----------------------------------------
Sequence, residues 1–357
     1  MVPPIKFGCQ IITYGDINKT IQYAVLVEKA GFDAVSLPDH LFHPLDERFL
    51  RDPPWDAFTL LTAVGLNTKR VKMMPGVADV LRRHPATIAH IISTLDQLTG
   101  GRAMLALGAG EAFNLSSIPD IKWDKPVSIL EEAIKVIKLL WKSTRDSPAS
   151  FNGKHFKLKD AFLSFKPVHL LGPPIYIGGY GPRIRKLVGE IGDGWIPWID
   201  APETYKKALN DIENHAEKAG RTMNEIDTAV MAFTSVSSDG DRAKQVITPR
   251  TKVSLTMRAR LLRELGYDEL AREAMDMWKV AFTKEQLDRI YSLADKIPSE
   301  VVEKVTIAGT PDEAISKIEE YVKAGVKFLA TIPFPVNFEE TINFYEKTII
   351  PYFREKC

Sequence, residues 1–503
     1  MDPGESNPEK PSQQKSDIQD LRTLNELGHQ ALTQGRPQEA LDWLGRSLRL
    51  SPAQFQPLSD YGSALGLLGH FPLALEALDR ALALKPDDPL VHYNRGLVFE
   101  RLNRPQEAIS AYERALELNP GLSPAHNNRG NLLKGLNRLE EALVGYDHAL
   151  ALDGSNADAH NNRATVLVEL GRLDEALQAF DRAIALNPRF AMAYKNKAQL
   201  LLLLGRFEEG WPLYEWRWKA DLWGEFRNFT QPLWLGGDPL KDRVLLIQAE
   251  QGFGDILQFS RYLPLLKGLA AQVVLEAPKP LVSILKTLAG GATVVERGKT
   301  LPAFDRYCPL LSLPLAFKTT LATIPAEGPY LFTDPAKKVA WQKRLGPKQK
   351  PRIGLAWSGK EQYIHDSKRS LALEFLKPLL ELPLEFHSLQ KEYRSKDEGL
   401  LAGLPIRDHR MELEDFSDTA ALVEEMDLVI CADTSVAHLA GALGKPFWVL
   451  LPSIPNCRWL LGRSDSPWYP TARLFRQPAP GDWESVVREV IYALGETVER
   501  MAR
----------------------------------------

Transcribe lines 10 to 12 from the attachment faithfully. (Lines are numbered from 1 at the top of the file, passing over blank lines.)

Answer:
Sequence, residues 1–503
     1  MDPGESNPEK PSQQKSDIQD LRTLNELGHQ ALTQGRPQEA LDWLGRSLRL
    51  SPAQFQPLSD YGSALGLLGH FPLALEALDR ALALKPDDPL VHYNRGLVFE